How to Grow Sweet Peppers
A guide to the steps to grow sweet peppers.
I may not be a great expert on gardening, but there are a few things that I know from all the time that I have spent trying to grow, and then growing colored sweet pepper plants. I am going to share this knowledge with you here.
Patience is Key
One of the main things to remember with any gardening is that it takes time for things to grow; whether it is sprouting from seeds, or getting the color on a pepper, it all takes time. So remember this, and be patient as you start a garden.
Where and in what
Knowing where you are going to plant your peppers and what kind of soil is key. For peppers, you want a lovely dark rich soil that isn’t too dry and sandy but also isn’t clay. The potting mix that you buy at a garden center is a good bet for nice soil. If you don’t have that kind of soil, then looking at growing them in something like a planter rather then the ground might be a good idea. You want your planter to be fairly deep, at least 4 inches just to give them some nice room for their roots.
What kind of peppers
So using the pepper seeds from the grocery store is probably not the best idea for most people. Look into the climate that you have and see what kind of pepper would be the best. If you are growing them indoors you have a wider variety of options, but if you are growing them outside then make sure that you are making smart choices about what kind of pepper seed you want.
So should start your peppers by sprouting them. This means that you take your pepper seeds and put them into a small container with soil. Then you water them daily and wait for them to sprout. Now there are some plants that are relatively quick at sprouting and may only take a few days. Peppers are not one of these. They can take well over a week or even two to sprout, a little slow getting started. Also, every seed you plant may not be actually grow into a plant, so don’t bw afraid to plant too many seeds, you can always give away the leftover seedlings.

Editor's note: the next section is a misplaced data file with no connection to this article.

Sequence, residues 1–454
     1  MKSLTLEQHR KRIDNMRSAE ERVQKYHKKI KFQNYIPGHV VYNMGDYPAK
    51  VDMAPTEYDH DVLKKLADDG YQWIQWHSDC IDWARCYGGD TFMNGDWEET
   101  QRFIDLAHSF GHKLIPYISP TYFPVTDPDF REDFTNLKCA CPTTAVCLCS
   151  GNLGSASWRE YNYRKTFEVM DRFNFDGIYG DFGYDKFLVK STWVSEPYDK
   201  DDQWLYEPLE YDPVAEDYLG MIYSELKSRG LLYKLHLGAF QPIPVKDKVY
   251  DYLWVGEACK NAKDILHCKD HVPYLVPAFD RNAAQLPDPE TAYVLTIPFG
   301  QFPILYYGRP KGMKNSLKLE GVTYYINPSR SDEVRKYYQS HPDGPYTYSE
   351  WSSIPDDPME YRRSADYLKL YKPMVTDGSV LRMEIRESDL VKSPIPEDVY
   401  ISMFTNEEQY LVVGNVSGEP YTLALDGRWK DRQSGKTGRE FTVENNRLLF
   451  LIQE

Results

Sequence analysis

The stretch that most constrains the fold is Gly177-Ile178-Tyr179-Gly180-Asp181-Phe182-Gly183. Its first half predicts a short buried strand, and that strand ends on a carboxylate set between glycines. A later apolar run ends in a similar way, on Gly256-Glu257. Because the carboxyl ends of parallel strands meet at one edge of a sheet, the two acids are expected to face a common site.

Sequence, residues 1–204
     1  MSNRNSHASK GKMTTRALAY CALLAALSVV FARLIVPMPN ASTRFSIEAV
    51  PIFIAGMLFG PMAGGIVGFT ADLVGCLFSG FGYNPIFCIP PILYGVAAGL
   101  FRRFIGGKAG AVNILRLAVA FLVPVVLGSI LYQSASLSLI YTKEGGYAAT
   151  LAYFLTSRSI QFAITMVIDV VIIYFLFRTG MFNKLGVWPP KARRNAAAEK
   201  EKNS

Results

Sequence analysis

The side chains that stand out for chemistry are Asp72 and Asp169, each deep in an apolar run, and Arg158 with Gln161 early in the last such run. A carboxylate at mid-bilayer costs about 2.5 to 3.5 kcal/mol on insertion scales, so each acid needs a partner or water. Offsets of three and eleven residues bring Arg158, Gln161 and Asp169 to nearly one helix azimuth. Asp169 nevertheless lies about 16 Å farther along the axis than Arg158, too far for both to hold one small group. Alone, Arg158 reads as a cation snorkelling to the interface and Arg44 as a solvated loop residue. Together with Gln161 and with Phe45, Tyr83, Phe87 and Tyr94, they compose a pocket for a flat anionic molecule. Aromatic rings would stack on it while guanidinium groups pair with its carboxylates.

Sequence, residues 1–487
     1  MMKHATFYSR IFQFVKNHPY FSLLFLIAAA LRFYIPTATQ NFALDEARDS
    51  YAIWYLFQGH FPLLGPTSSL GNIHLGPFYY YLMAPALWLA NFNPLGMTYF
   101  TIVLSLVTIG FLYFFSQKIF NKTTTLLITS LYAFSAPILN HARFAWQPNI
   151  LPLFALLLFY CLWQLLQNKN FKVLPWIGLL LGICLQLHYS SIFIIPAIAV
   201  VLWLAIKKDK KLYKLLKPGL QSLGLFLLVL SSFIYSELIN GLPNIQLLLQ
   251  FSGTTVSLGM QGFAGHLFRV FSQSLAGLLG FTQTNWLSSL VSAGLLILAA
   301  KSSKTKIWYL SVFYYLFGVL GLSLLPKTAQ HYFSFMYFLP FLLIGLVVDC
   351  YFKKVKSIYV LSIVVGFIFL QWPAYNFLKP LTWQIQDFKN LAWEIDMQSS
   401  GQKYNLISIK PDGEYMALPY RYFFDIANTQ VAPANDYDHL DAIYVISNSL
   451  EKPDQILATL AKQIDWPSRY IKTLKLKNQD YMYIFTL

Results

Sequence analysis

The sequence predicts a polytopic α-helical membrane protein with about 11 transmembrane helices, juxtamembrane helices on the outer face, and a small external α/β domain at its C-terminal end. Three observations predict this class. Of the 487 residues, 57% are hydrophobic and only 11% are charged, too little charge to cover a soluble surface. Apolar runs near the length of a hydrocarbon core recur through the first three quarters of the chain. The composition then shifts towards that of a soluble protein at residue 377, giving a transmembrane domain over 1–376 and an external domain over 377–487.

Seed leaves vs. real leaves
So when a plant sprouts it sprouts with something called seed leaves. Those first leaves that come out are leaves, they just aren’t the same type of leaves like all the rest that the plant will produce. They are special. So when you see those first leaves, be happy your plant has sprouted and you have new life, but don’t rush to transplant it into your container or garden just yet. Wait for the second set of leaves to grow, the first set of true leaves, then transplant the plant. Being transplanted is hard on the plant, so you shouldn’t transplant it until you are more sure it will survive. If this means waiting a day or two more before you transplant, just wait.
You should water once a day every day as you wait for it to sprout and after it had sprouted, but you should continue to do this after you move, especially the day you move it, and a couple of days after that. Then water it regularly and if it starts to droop water it more each day. If you have a planter with water in the bottom make sure it’s full and check it regularly as your plants grow.
Depending on your love of different colours just wait until they are the colour you like and harvest them. All peppers begin green and get their colours, so just wait and water and you should be getting beautiful peppers soon.